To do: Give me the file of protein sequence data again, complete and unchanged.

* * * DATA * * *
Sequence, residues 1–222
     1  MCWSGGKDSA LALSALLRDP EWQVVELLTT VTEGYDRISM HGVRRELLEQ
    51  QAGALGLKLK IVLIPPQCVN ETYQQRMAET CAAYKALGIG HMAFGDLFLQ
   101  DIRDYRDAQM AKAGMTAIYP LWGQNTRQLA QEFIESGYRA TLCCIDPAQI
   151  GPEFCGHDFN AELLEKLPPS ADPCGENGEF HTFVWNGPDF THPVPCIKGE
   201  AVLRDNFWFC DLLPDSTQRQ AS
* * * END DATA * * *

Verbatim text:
Sequence, residues 1–222
     1  MCWSGGKDSA LALSALLRDP EWQVVELLTT VTEGYDRISM HGVRRELLEQ
    51  QAGALGLKLK IVLIPPQCVN ETYQQRMAET CAAYKALGIG HMAFGDLFLQ
   101  DIRDYRDAQM AKAGMTAIYP LWGQNTRQLA QEFIESGYRA TLCCIDPAQI
   151  GPEFCGHDFN AELLEKLPPS ADPCGENGEF HTFVWNGPDF THPVPCIKGE
   201  AVLRDNFWFC DLLPDSTQRQ AS